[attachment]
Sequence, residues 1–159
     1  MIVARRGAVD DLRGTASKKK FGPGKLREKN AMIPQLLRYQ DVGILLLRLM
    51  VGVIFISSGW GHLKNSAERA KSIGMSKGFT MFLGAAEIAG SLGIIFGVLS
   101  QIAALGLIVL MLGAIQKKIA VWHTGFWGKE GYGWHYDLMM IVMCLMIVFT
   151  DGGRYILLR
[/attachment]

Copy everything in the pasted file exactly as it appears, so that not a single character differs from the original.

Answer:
Sequence, residues 1–159
     1  MIVARRGAVD DLRGTASKKK FGPGKLREKN AMIPQLLRYQ DVGILLLRLM
    51  VGVIFISSGW GHLKNSAERA KSIGMSKGFT MFLGAAEIAG SLGIIFGVLS
   101  QIAALGLIVL MLGAIQKKIA VWHTGFWGKE GYGWHYDLMM IVMCLMIVFT
   151  DGGRYILLR